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A chainsaw clutch. The chain wraps around a sprocket behind the clutch that turns with the outer drum. A centrifugal clutch is a clutch that uses centrifugal force to connect two concentric shafts, with the driving shaft nested inside the driven shaft. The input of the clutch is connected to the engine crankshaft while the output may drive a shaft, chain, or belt. As engine RPM increases, weighted arms in the clutch swing outward and force the clutch to engage. The most common types have friction pads or shoes radially mounted that engage the inside of the rim of a housing. On the center shaft there are an assorted number of extension springs, which connect to a clutch shoe. When the center shaft spins fast enough, the springs extend causing the clutch shoes to engage the friction face. It can be compared to a drum brake in reverse. This type can be found on most home built karts, lawn and garden equipment, fuel powered model cars and low power chainsaws. Another type used in racing karts has friction and clutch disks stacked together like a motorcycle clutch. The weighted arms force these disks together and engage the clutch. When the engine reaches a certain RPM, the clutch activates, working almost like a continuously variable transmission. As the load increases the rpm drops, disengaging the clutch, letting the rpm rise again and reengaging the clutch. If tuned properly, the clutch will tend to keep the engine at or near the torque peak of the engine. This results in a fair bit of waste heat, but over a broad range of speeds it is much more useful than a direct drive in many applications. Centrifugal clutches are often used in mopeds, underbones, lawnmowers, go-karts, chainsaws, and mini bikes to:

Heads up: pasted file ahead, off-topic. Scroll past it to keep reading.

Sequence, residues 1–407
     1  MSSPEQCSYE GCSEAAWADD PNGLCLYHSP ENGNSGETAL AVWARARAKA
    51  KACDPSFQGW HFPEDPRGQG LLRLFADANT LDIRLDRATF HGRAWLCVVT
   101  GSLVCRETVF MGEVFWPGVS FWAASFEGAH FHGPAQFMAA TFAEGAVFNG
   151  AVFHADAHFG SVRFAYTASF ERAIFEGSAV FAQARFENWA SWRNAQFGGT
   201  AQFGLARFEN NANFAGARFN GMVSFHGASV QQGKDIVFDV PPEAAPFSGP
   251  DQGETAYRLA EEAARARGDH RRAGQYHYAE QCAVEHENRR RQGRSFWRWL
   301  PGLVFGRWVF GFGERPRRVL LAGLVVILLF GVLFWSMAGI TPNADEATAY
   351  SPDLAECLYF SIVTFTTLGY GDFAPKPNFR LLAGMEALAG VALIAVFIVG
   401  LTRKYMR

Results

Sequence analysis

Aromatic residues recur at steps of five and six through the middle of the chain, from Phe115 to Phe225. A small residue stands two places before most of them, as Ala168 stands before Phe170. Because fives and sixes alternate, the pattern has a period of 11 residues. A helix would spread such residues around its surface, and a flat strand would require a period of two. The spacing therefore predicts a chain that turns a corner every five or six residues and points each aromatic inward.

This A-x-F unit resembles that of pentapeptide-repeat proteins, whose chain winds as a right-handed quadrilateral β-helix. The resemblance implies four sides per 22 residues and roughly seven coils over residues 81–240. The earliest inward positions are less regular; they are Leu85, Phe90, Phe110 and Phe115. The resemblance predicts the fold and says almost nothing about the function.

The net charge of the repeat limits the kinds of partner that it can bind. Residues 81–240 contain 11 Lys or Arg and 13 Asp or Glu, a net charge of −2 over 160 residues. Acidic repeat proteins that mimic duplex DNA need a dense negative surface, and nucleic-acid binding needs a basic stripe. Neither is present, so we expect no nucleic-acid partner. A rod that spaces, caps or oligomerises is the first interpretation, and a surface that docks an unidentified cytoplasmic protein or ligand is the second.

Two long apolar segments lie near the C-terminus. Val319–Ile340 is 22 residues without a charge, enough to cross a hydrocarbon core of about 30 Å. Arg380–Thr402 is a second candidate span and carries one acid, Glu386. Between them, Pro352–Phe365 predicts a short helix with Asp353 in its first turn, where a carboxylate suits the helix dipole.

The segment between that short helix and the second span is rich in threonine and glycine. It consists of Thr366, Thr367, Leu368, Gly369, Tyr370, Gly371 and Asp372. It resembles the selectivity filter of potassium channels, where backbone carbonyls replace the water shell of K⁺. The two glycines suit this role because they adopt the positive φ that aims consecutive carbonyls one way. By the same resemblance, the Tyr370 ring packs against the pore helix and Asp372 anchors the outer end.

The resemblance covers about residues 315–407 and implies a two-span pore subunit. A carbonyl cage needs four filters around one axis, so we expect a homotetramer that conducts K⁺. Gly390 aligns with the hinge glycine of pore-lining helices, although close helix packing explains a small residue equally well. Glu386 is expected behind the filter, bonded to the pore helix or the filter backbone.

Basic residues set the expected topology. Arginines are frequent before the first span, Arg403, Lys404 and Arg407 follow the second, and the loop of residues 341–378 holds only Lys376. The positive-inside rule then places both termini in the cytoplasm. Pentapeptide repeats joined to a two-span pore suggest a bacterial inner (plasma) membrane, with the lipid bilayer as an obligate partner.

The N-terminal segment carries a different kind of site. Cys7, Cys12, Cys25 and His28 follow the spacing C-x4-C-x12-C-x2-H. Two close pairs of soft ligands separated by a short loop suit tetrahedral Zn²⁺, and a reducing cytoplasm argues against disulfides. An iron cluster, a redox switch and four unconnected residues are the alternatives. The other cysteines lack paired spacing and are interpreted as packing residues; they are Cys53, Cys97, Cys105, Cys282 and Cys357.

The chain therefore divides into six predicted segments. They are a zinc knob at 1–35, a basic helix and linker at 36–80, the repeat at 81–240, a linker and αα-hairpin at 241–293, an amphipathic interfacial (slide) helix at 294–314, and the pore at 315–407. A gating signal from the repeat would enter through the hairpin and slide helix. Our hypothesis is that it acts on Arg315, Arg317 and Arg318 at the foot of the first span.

keep the internal combustion engine from stalling when the blade is stopped abruptly disengage load during starting and idle

Thomas Fogarty, who also invented the balloon catheter, is credited with inventing a centrifugal clutch in the 1940s,[1] although automobiles were being manufactured with centrifugal clutches as early as 1936[

Fluid coupling
From Wikipedia, the free encyclopedia
Jump to: navigation, search This article is not about hydrodyamic fluid complings, for "hydroviscous fluid couplings" see Viscous coupling unit.

A fluid coupling is a hydrodynamic device used to transmit rotating mechanical power.[1] It has been used in automobile transmissions as an alternative to a mechanical clutch. It also has widespread application in marine and industrial machine drives, where variable speed operation and/or controlled start-up without shock loading of the power transmission system is essential.

Contents
[hide]
• •

1 History 2 Overview
○ ○ ○ ○

2.1 Stall speed 2.2 Slip 2.3 Hydraulic fluid 2.4 Hydrodynamic braking 3.1 Industrial 3.2 Rail transportation 3.3 Automotive 3.4 Aviation

3 Applications
○ ○ ○ ○

• • • •

4 Calculations 5 Manufacture 6 See also 7 References and notes
○ ○

7.1 Notes 7.2 References

[edit] History
The fluid coupling originates from the work of Dr. Hermann Föttinger, who was the chief designer at the AG Vulcan Works in Stettin.[2]. His patents from 1905 covered both fluid couplings and torque converters. In 1930 Harold Sinclair, working with the Daimler company, devised a transmission system using a fluid coupling and planetary gearing for buses in an attempt to mitigate the lurching he had experienced while riding on London buses during the 1920s.[2] In 1939 General Motors Corporation introduced Hydramatic drive, the first fully automatic automotive transmission system installed in a mass produced automobile[2]. The Hydramatic employed a fluid coupling. The first Diesel locomotives using fluid couplings were also produced in the 1930s[3]

[edit] Overview
A fluid coupling consists of three components, plus the hydraulic fluid:

The housing, also known as the shell[4] (which must have an oil tight seal around the drive shafts), contains the fluid and turbines.

Two turbines (fan like components):
○ ○

One connected to the input shaft; known as the pump or impellor[4], primary wheel[4] input turbine The other connected to the output shaft, known as the turbine, output turbine, secondary wheel[4] or runner